I was talking last week about the announcement of Project Server 2010. It’s part of a much larger communication of course. The whole release that’s due in the first part of next year will be Office 2010 and that includes a whole pile of products. It’s worthwhile keeping note of that because the new information available in Microsoft Project may well get lost in the noise of what is to come when the Office Marketing machine gets cranked up to full speed as it always does for a big launch.
One of the biggest elements of the Information Worker Division at Microsoft (that’s the part that releases business products like Office) is the next release of SharePoint. SharePoint has become the go-to platform for Microsoft and almost every other part of Microsoft is working on leveraging it.
What does this mean in practical terms? It means that Microsoft Dynamics accounting software will have an interface based in SharePoint. It means that the Browser-based interface of Visual Studio Team Services is based on SharePoint. And, like the last 2 versions, it means that Project Server’s Web Access (PWA) Interface is based on SharePoint. The interface of Project Portfolio Server has now been woven into the PWA interface also and therefore it too now is based on SharePoint.
Project Server is not the most algorithmic product. It’s strength is not based on the incredible resource levelling calculation or it’s the flexibility of its critical path methodology calculations. Project Server’s power is in being a collaborative project management tool. For an organization that says “We’re not interested in collaboration. We just want a heavy project scheduling calculation engine then working with a desktop product may be more appropriate. There are many to choose from. Primavera, Deltek and Planview all have desktop versions that are very powerful. Even Microsoft Project Standard might be more palatable for that kind of requirement.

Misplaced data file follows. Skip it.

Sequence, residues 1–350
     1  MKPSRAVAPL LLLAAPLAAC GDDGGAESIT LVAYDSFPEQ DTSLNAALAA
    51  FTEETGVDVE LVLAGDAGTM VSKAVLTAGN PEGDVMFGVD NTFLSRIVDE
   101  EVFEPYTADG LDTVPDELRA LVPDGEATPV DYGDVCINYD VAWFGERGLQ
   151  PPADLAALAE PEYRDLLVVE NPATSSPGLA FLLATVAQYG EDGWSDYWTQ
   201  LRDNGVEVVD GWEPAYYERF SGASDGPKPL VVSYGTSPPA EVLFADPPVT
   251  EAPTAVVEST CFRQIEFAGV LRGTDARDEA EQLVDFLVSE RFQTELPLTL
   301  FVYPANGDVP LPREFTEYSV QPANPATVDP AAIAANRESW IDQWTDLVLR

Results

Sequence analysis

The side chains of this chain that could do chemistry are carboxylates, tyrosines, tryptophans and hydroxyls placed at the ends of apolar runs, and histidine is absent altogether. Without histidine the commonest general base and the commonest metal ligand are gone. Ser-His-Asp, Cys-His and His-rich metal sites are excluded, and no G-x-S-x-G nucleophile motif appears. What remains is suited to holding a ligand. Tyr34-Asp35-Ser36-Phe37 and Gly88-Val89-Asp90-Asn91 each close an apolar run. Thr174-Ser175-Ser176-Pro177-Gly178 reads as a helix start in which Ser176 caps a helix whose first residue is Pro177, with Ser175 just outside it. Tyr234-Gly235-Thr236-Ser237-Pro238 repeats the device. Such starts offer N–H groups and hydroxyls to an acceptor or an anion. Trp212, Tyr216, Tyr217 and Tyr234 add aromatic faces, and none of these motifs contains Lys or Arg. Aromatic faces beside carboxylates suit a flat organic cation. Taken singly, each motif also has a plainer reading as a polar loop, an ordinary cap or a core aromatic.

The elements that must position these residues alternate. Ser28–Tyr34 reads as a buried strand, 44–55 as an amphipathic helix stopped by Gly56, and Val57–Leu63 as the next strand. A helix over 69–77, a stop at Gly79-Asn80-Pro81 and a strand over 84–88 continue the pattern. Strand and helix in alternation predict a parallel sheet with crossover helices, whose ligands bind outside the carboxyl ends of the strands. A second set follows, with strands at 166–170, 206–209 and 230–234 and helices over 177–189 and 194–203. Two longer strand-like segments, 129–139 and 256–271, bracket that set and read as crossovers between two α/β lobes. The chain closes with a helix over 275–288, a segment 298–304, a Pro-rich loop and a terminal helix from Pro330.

Project Server, however, is squarely targeting those interested in collaborative project management and SharePoint becomes a big part of that. In fact, when you take the requirements apart, the ability of SharePoint to collaborate may make the addition of Project Server more of an afterthought and don’t think that Microsoft hasn’t thought of that already.
Already when we go to clients who ask “Should we upgrade from Project Server 2003 to Project Server 2007 now or should we wait for Project Server 2010 next year?” the answer has little to do with the relative functionality in each version.
“What are your plans for SharePoint?” we ask. If the company has already adopted SharePoint 2007 and has no intent to upgrade straight away next year, then we recommend Project Server 2007. If the company is already committed to SharePoint 2010 or isn’t committed at all to a collaboration platform then we can consider waiting until the new version. There’s plenty to do in the meantime if the plan is to go with 2010. Architectural plans, pilot groups, training and system design can all be worked on now with an intent to roll out at the middle of next year. The key is SharePoint.
Can we be that far away from Microsoft saying “Project Server is just another blade of a SharePoint Server?”